Wednesday, 17 September 2008

Dipping my toe back into super computing

I've been out of university and working in IT for a good few years now and held several different roles along the way. When I started work I was doing an internal support role after which I moved to my current department, Emerging Technologies, where I've held several roles including being an emerging tech specialist and working for IBM's Linux Integration Centre.

I've used the attention-grabbing title for the work I very much enjoy doing but due to certain circumstances thought I had left behind in my career. Super computing sounds very grand and conjures up all sorts of ideas along with other grand titles for the type of work I do such as Beowulf Clustering. The term I prefer, but can also be misleading, is High Performance Computing (HPC). There are all sorts of misconceptions about HPC but easily my favourite is when people pretend to joke, but expecting a serious answer ask something like “Wow, how many frames per second can you get on Quake with that?”.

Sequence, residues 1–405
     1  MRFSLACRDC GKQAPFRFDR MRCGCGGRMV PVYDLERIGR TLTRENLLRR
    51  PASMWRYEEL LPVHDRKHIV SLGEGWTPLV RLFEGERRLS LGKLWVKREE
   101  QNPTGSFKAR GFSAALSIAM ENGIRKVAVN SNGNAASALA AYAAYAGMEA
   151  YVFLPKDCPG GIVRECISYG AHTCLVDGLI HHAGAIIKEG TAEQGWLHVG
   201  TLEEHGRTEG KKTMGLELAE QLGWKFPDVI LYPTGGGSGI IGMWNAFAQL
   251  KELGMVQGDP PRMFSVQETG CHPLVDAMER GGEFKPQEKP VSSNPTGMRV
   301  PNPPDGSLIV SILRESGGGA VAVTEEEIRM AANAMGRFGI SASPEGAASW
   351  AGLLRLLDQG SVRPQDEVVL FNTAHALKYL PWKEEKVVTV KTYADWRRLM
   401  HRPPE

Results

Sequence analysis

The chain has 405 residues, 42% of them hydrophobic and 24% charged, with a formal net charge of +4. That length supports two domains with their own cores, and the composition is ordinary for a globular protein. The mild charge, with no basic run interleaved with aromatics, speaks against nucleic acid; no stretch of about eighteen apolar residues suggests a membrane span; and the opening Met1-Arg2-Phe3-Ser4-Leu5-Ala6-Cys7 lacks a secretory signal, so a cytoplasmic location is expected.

The opportunity has come up for me to go back to this area for a one-off project, working with some of my ex-colleagues. I'm very much looking forward getting stuck in as the work is usually interesting and my old team are fantastic. As ever with these projects, there are an enormous number of unknown's at the start of the project. I already feel at home knowing the list of things we don't know yet – where the hardware is right now (delivery due soon), what the software stack will be, firmware levels, network layout and design, naming conventions, management and monitoring required, storage requirements, job scheduling, operating system, tweaks and configuration, etc. That's all part of the fun though, I get to work things out along the way and fill in the gaps for areas that, for no fault of their own, people just don't think about answering until implementation time. The kick-off meeting is due soon now so I'm looking forward to getting people to think about all the tiny details I'll need in order to supply our customer with the best suited system I can.

2 comments:

OzBeefer said...

what are you computing with all those supers?!?!? if I hear another person say they're doing climate modelling I'm seriously going to...complain on my blog...........

Graham White said...

It's not for climate modelling, although I have done that in the past! I don't actually know what it's going to be used for yet as we've still not held the kick-off meeting.

It's been a while since I've checked in with your blog. I tend to pretty much exclusively use feed readers these days but for some reason the RSS on yours is broken :-(